Fairfield County Business Journal
BY ANDREW SCOTT email@example.com
Every product, whether in a box, bottle or bag, comes with some type of label. Without it a customer would not be able to identify what the product is and how it’s to be used. Enter Penmar Industries Inc., a 40-year-old Norwalk company that has prided itself in producing tags and label converters for clients such as Ford Motor Co., Stanadyne Automotive Corp., RC Bigelow Inc., Conair, Aetna Inc., Avon Products Inc., Ethan Allen and SBC Communications Inc. Its labels are used on pharmaceutical products, industrial, telecommunications and electronic equipment, and are used in hospitals and labs for identifying specimen, patient information, blood test and dental information.
Eight years ago the company instituted a “circle of quality” model in which each employee involved in an order would be responsible to review a seven-step process in order to assure quality from order entry to shipment. “We wanted to have the highest quality and the best product at fair market price. There’s always someone out there that can do what you can do, cheaper. But the question is whether or not the customer’s going to get the same quality and if the company is going to stand behind the product,” said J. Rick Cipot, operations and general manager who thought of the quality assurance process. Supplying tags and labels for products accounts for 40 percent of the company’s business, while providing pressure-sensitive tapes, packaging materials and supplies, custom forms and boxes accounts for the rest.
The company once intervened and solved a client’s problems when the adhesives the client manufactured and placed in bottles caused the ink and label on its packaging to fade quickly. “We tested different types of labeling and came up with a barrier-type label which blocked the interaction between the ingredient in the bottle and the label saving the customer significant cost of labor and shipping since they were buying labels from Europe,” Cipot said.
Cipot said that one time when a shipment was about to be sent out, “The shipping clerk said, ‘I think there’s something wrong with this order.’ The clerk was right. The order was rechecked, and the situation rectified”. “Anyone can make an error because no one is perfect. But I’d rather the job stopped dead in its tracks and taken a look at than shipping something wrong to the client.” Cipot backs up his commitment to quality by providing clients with his home and cell phone number.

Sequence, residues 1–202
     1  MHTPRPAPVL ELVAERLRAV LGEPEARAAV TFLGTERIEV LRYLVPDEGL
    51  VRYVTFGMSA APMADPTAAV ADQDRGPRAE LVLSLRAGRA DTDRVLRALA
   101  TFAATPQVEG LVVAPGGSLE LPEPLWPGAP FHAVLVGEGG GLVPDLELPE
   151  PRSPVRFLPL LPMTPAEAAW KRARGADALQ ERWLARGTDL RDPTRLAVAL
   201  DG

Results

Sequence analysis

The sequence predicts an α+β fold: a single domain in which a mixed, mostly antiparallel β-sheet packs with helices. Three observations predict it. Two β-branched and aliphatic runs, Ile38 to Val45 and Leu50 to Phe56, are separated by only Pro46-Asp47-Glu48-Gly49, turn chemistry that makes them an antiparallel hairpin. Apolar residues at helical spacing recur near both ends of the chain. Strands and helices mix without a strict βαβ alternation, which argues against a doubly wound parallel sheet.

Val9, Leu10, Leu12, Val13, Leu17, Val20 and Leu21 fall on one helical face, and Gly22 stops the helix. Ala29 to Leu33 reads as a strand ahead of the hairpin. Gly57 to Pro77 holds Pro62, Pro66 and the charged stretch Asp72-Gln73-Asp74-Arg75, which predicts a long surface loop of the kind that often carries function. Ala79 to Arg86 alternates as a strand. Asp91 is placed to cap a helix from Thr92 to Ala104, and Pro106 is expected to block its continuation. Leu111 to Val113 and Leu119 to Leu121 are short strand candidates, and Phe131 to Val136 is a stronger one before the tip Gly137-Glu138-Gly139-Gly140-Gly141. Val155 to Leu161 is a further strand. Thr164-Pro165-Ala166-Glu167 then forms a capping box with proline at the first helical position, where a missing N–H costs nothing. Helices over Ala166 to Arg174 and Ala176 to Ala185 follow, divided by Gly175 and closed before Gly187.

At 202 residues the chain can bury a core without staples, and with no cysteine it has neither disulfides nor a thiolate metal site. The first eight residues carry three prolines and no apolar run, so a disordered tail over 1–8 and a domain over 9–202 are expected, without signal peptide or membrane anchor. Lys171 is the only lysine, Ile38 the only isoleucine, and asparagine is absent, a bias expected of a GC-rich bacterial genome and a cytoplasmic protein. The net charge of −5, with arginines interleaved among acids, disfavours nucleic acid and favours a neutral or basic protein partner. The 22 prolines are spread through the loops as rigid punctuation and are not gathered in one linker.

The company’s commitment to quality starts with its president, Ed Rodriguez who joined the company in 1983 as vice president of operations. “I learned as much as I could about the company and product and got involved in sales to grow our operations.” Nine years later, when his boss decided to retire, Soegaard acquired the company. “Building relations with customers and partnering with our suppliers gave me the confidence and expertise I needed to be able to acquire the company.”
Those relationships mixed with the mentoring he received from his boss helps him to lead the company’s 16 employees. Soegaard is now focusing on upgrading the company’s equipment, a step he said needs to be taken to keep up with technology and competitors. “We deal with a lot of small to medium-sized business like ourselves, so we have to be very nimble and flexible in catering to our customer’s needs.” Soegaard said that he wants the company to exceed expectations with lead times and with emergency or rush orders. “Investing money in new equipment and updating our existing ones will make us more cost competitive as well.”
He believes that the infrastructure changes will help position the company to experience double-digit growth in five years. This year the company was named “Supplier of the Year” by Connecticut Minority Supplier Development Council and was recognized as a “Top Tag & Label Converters” company in package PRINTING magazine, a trade journal that covers the industry. It’s an industry that has been considering converting to Radio Frequency Identification (RFID) from traditional labels. These electronic tags or labels are placed on shipments so that they can be tracked from location to location. Soegaard said that although the company sells the labels for this type of tracking, it does not manufacture them. “I don’t believe the technology is going to replace the full content of identification labels.” The company has served 500 clients with the traditional labels. Tom Egan, director of marketing at the Packaging Machinery Manufacturers Institute, Arlington, Va., said, “I think the overall business is up a bit compared to where we’ve been since 2001 and projections are looking pretty strong for 2005.” Soegaard, whose background is in engineering, said that as in every business there are challenges. “I saw a challenge in packaging engineering and the potential for growth. Today’s customers are more demanding so you cannot sit still. You have to keep making changes to stay ahead of the competition”.
“Building relations with customers and partnering with our suppliers gave me the confidence and expertise I needed to be able to acquire the company. ”
– Ed Rodriguez,
President, Penmar Industries Inc.